The Kraewood developers are requesting tax breaks from the city of Northfield.
If the planned 100-unit apartment building segment of the project is to receive Tax Increment Financing (TIF) from the city, 40 percent of the units must be affordable to residents who make 60 percent of the area median income.
The entire project is estimated to cost between $17-18 million. The TIF would be about $6.2 million, which is comprised of tax rebates based on the value the development adds to the property over time.
To receive TIF, a development project must pass the “but-for” test through financial analysis: would the project be able to go forward without the public financing? If the answer is “no” then they are eligible for TIF.
In this case, the city’s financial advisory firm, Ehlers, conducted a study of the finances put forward by development companies Rebound and Stencil. The Kraewood project has met the “but-for” standard, Community Development Director Mitzi Baker told the Northfield Planning Commision Thursday.
“That test has been met,” she said.
Baker explained that through TIF, Kraewood would not be getting any money that already exists in city coffers; rather, they would be getting a discount on taxes. Since Northfield uses a “pay as you go” style of TIF, developers Rebound and Stencil will still have to put up all the necessary capital themselves.
The Planning Commission’s action Thursday on Kraewood was largely symbolic; simply documenting that they had been consulted on the project. Commissioner Betsey Buckheit said it was inappropriate they had been asked to take action on it at all, since it gave the impression the Planning Commission had more control over the controversial project than it actually did.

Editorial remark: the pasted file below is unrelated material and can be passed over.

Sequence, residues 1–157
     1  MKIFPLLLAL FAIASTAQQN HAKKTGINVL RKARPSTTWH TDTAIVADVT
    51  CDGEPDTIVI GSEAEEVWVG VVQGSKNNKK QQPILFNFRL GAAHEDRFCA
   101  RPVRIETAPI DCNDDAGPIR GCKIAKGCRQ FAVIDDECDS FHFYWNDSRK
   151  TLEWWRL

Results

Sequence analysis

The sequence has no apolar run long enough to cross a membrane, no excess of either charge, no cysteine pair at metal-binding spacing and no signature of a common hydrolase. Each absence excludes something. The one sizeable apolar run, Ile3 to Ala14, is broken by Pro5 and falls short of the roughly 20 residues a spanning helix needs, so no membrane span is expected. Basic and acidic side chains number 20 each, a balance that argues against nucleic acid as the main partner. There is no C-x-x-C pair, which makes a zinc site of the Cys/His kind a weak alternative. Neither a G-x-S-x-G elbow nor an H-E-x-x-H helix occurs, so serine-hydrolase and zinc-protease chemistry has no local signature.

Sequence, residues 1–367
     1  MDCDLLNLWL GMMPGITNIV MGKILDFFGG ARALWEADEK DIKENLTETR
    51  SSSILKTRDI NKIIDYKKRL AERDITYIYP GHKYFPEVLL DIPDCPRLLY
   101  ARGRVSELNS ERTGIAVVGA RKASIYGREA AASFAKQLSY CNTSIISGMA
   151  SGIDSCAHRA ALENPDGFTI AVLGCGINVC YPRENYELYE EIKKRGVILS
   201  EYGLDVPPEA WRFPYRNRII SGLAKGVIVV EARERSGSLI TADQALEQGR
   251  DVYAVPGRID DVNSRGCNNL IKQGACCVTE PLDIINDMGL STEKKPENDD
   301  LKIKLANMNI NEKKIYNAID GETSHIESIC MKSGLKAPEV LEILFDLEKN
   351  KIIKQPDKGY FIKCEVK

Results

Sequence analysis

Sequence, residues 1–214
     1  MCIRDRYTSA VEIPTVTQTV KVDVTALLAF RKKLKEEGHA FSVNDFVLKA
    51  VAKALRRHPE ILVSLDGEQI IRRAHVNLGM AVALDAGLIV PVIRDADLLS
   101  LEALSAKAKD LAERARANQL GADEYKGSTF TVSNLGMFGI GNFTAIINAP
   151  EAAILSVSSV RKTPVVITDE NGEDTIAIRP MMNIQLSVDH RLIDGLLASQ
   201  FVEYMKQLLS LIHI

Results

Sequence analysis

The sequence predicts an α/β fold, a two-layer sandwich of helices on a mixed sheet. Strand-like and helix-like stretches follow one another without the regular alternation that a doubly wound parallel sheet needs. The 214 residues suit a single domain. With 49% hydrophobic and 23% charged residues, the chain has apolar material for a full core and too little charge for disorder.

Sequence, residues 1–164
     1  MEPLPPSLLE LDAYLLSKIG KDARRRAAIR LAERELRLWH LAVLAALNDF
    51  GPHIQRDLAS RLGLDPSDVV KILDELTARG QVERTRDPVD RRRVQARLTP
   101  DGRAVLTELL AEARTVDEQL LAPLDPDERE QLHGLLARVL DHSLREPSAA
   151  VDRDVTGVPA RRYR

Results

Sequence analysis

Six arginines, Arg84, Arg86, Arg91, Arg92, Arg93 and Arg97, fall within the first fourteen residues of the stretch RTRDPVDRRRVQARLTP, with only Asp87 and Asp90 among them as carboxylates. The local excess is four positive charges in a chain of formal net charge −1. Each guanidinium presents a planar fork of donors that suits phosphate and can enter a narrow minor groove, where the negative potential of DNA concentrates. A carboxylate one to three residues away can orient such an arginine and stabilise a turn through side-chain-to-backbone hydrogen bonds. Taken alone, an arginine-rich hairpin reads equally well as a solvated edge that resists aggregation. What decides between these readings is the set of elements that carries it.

“I think by having the Planning Commission review this, we’ve created some expectations in the public that we’re doing more than, in fact, we really are,” Buckheit said. “I think it might be cleaner if we thought about who actually needs to review something like this.”
Commissioner Tracy Heisler asked Baker what the city would be getting out of the TIF agreement. Baker responded by saying Northfield would receive new opportunities those with lower incoming to have housing.
“That’s a hard target market,” Baker said. “With market rate housing, you’re not going to get that, typically. Not with new construction. So, it does provide a new opportunity for new construction housing to be available to individuals and households in that income range. That’s huge.”
During the commission’s discussion, Chair Joe Gasior said the debate should be solely around the motion at hand — to acknowledge receipt of the TIF plan and determine if it is consistent with the city’s Comprehensive Plan. Any rehashing of the debate surrounding Kraewood itself would be considered out of order, he said.
Earlier, Commissioner William Schroeer had opposed even that relatively bland motion and voiced his opposition to the project as a whole. He later said it was inconsistent with the Comprehensive Plan.
Schroeer and Commissioner Greg Siems voted against the motion, while Commissioner Brian Nowak abstained. The motion ultimately passed 4-2.
The Housing and Redevelopment Authority will consider the TIF application at the HRA meeting Sept. 28. The council plans to hold a public hearing to consider the TIF district at its regular meeting Oct. 5.
The council will likely consider whether an Environmental Assessment Worksheet, or EAW, is required for the project during the regular meeting Oct. 5. This decision will center on whether further investigation is needed to determine what impacts, if any, Kraewood would have on the ecology of the area.